Perfecting Stakeholder Involvement by Mary Lou D’Allegro

My name is Mary Lou D’Allegro and I am the Vice-President for Academic Affairs at Columbia State Community College.  I am responsible for the quality of our programs and the faculty who teach in those programs.

There is not much that is NOT evaluated in higher education.  The double negative was intended.  Yet, for all the resources expended to conduct these assessments and energy spent on creating and disseminating reports to stakeholders, what is the real value to those stakeholders and to higher education?  For academic officers this is the trifecta of a balancing act:  a.) practicality, b.) cost and c.) added value as a result of the evaluation.

Stakeholder input to determine evaluation priorities and that value.  I am continually searching for evaluation designs that consider stakeholder identification and the impact of their input on determining those priorities.

 Lessons Learned:

  1. Know your Audience. The dialogue with faculty about evaluation, the ultimate co-conspirators in evaluation, can be profoundly different than the discussion with students, typically the participants.  Additionally, understand the roles that each type of stakeholder may assume before, during, and after an evaluation. 
  2. Keep it Simple. For the sake of brevity, pragmatism, and sanity, design and implement the most straightforward and unpretentious evaluation possible. This also goes for the analysis; there is no need to burden stakeholders with unwieldy statistical analyses. 
  3. Evaluation is only as good as the worst storyteller. Sharing results is important. Having those understood and interpreted accurately by relevant stakeholders is imperative.  My go-to for designing easy to comprehend reports is Canva.

Hot Tips:

  1. Vote early, vote often and make those opportunities readily available. There is a plethora of free polling software available to survey anytime, anywhere.  I have used do.com, Mentimeter.  Colleagues have used Kahoot! and Zoho Survey that yielded great response.
  2. Use electronic Post-its
    1. AEA365 Tip a Day is my primary source for innovative evaluation designs that incorporate stakeholders into the evaluation. The AEA website can be navigated effortlessly.  The website provides search capabilities to find what you missed or to locate additional information.
    2. Keep a list of Rad Resources and Hot Tips. I use Microsoft OneNote because I can quickly add pages to categorize and reorganize my RR and HTs.  My OneNote pages can be retrieved on my cell phone or available in a cloud environment when I am traveling.  When called about the evaluation’s design or a statistic, I can easily find and cite what other evaluation experts are doing.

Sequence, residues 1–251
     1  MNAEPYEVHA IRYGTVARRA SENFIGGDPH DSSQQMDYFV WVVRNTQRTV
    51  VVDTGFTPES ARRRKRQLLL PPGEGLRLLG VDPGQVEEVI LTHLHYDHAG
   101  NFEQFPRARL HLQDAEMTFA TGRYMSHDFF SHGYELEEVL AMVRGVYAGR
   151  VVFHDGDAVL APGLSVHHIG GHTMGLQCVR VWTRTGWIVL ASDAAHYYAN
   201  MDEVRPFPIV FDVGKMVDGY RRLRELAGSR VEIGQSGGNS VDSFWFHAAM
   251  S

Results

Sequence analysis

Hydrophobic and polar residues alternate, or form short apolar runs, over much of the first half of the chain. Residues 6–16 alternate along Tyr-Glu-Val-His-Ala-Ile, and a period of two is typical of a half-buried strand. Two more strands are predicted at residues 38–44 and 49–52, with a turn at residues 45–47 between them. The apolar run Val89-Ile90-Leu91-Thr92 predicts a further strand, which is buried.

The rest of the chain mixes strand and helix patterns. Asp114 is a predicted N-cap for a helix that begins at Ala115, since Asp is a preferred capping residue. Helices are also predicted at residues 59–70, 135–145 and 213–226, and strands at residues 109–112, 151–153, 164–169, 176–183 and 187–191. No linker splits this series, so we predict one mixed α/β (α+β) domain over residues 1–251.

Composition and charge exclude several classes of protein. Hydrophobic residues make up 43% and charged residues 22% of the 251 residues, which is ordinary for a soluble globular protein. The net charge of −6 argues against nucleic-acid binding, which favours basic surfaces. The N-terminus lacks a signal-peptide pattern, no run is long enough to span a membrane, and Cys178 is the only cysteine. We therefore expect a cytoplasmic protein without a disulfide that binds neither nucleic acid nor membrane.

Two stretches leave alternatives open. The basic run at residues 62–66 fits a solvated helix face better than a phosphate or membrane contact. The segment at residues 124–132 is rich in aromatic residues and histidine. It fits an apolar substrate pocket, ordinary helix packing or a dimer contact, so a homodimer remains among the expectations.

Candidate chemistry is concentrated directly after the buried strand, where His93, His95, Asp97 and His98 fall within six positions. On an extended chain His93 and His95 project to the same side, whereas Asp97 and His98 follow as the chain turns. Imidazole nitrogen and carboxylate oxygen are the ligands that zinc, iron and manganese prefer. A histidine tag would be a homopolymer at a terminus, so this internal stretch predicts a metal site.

Rad Resources:

  1. Developmental Evaluation addresses the complexities of higher education and the often conflicting formative goals of its stakeholders.
  2. Better Evaluation is an amazing source for planning and designing evaluations in seven color-coded task cluster. I am partial to this resource because there is mention of stakeholder involvement in every task cluster.
  3. Six Thinking Hats.  Contributed by Sara Vaca in her AEA365 Tip A Day post, this framework identifies roles that different stakeholders may assume.

Do you have questions, concerns, kudos, or content to extend this aea365 contribution? Please add them in the comments section for this post on the aea365 webpage so that we may enrich our community of practice. Would you like to submit an aea365 Tip? Please send a note of interest to aea365@eval.org. aea365 is sponsored by the American Evaluation Association and provides a Tip-a-Day by and for evaluators.

1 thought on “Perfecting Stakeholder Involvement by Mary Lou D’Allegro”

  1. Hello Mrs. D’Allegro,

    Thank you for your wonderful insights. I thoroughly enjoyed your approach to stakeholder involvement.

    I specifically resonated with your “keep it simple” tip. Design evaluation can be overwhelming to people who are not familiar with it. To be honest, I’m studying program evaluation and it’s even overwhelming for me! That’s why I like your idea of keeping it simple. Stakeholders may not have the time or patience to review unnecessarily long or complicated reports. Perhaps those reports are of use to the evaluator, but to a stakeholder who is not as knowledgeable or committed, it will seem like a snooze. I think your comparison to storytelling is interesting. If we could even make information sharing fun that would be a great benefit to increased involvement. I’ve always been an advocate for clear and simple communication; in my practice and personal life. So I agree that straightforward reporting would definitely yield the highest amount of stakeholder involvement.

    I also appreciate the idea of using digital polling and voting often. In fact, I like that you mentioned the use of technology as a tool for several purposes. Since practically everyone has at least a smartphone, it allows stakeholders to contribute their inputs conveniently and for evaluators to make changes quickly. I also see stakeholder voting as enhancing buy-in. The more involvement that stakeholders have in the process, the more invested they should feel. This will hopefully lead to a positive feedback loop of increased participation and more buy-in.

    I have a question about stakeholder involvement: despite giving multiple opportunities to participate to stakeholders, do you think there could be detrimental effects from quick/convenient responses methods that may exclude detailed information useful for the evaluation process and perhaps data collection later?

    Once again, thank you for your post. It was very appreciated!

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